I have a network that acts on a tensor h and I need at some point to access a quantity u that happens to be the gradient of an unrelated operation, MSE(F.interpolate(h) - y), with regard to h. The way I’m doing it at the moment is creating a cloned, detached version of h that requires gradient, feeding that into the operation, calling backward() and then h_clone.grad. However, at test time, this fails with “RuntimeError: element 0 of tensors does not require grad and does not have a grad_fn”, presumably because in eval mode, torch does not keep the gradients. What is the proper way to resolve this ? Since really all I want is the derivative of the bicubic interpolation, is there some kind of backward call I can apply on the function directly to access the gradient? This would also allow me to have a gradient signal from u to h as I’m afraid creating another clone object does not do that.
Thanks in advance,
(as an aside, what algorithm does torch bicubic interpolation use ? I’ve written a small downsampling script to use the easily-computable derivative as it’s just a convolution operation, following this, but it doesn’t seem to correspond to any of the filters)
F.interpolate is stateless. You need a layer to be able to compute the grad directly with autograd.
Would torch.nn.Upsample with `mode=‘bicubic’ make sense in your use case?
Yeah I was a bit afraid of that - unfortunately, I want downsampling, and the doc for upsample seems to imply it can’t do that ("If you want downsampling/general resizing, you should use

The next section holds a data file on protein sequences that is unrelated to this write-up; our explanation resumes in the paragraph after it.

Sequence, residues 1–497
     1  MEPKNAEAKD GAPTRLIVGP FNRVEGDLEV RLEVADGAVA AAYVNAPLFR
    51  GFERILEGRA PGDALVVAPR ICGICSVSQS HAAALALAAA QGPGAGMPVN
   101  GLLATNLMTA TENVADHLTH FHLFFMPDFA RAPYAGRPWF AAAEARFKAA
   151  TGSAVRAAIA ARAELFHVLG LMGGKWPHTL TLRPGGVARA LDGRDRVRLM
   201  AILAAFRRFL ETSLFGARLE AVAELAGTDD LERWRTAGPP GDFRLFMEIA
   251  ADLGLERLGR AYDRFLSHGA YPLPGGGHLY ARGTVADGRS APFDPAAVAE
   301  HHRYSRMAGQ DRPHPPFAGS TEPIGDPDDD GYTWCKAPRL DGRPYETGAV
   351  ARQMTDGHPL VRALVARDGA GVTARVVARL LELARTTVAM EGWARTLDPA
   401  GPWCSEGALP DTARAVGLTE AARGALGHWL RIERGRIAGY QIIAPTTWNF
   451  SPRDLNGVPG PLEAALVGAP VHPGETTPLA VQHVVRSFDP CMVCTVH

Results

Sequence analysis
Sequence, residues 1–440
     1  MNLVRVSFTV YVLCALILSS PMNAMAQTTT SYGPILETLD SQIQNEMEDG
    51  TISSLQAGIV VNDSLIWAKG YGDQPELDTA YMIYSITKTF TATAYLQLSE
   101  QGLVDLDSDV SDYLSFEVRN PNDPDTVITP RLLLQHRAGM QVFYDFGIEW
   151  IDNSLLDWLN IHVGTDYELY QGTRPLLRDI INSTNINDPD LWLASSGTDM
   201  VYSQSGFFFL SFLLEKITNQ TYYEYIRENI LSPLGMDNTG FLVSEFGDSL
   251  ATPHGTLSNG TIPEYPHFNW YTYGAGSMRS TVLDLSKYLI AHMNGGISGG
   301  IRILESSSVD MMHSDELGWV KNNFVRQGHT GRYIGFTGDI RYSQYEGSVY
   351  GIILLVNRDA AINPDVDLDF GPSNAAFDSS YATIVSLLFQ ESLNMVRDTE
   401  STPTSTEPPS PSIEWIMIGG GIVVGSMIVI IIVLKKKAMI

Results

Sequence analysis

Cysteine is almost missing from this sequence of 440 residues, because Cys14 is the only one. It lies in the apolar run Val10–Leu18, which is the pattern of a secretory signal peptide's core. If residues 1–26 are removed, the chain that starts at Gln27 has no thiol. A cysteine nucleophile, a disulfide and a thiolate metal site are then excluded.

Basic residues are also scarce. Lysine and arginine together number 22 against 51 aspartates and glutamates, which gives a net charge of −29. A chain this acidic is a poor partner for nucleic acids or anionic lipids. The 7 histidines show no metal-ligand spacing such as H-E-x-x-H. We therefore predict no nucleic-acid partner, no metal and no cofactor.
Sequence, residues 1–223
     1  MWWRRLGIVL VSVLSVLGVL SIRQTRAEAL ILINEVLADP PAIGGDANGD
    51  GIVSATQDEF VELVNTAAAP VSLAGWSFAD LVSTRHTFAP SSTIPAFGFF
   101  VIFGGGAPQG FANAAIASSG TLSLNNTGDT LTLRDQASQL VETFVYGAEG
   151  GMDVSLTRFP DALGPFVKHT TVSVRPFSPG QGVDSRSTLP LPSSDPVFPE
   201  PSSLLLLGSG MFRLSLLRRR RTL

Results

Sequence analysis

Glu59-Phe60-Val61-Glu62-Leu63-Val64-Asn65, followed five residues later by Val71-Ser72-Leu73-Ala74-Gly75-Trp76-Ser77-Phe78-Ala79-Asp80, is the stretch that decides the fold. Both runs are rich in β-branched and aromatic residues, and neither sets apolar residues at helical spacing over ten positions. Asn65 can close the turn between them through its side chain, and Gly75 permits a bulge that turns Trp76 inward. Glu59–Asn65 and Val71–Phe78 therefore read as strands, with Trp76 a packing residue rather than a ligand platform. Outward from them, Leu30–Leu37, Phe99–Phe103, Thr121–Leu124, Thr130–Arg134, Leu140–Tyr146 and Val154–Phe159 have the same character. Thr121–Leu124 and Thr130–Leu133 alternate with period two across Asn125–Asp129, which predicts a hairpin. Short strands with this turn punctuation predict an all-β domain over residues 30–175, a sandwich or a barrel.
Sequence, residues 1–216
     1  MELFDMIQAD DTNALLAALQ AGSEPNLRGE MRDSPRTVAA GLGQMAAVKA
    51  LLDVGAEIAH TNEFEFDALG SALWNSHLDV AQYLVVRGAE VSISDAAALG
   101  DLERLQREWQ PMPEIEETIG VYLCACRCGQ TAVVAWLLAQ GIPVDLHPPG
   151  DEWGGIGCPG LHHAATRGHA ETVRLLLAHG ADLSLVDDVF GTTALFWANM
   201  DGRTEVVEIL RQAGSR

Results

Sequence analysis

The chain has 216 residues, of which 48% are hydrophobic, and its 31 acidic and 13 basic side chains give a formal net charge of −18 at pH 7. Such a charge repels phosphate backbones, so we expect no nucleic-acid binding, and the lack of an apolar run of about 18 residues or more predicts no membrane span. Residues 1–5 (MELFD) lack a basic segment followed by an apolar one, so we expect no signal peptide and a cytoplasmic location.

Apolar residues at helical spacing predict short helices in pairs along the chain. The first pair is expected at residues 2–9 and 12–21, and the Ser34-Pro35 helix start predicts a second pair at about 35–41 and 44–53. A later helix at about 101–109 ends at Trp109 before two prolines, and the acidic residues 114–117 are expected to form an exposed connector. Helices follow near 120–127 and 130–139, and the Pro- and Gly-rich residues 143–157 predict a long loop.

interpolate()"). However, even if autograd doesn’t apply here, gradient can still flow through interpolate, right ?
Yes, actually you are correct.
How do you create the detached clone?
If you do this, it should work:
h_clone = h.clone().detach().requires_grad_()
Yeah that’s what I’m doing - but it didn’t work at validation time since there’s no gradient. I added with torch.enable_grad() for that case for validation time and it runs ! but I have an issue with part of that.
Let’s say I then do h - h.grad. That’s an operation that depends on h, that should be counted in the backpropagation, right ? But in this case it would be adding a gradientless, independent of h vector and so wouldn’t change anything. Now this is why I’d like to have directly access to the derivative of F.interpolate; since gradient flows through it, is there any way to call the internal backward function that must exist somewhere within the C code ?
Again - what kind of filter does pytorch downsampling use ? Assuming it’s standard downsampling, I would be able to write a derivative for it with simple operations.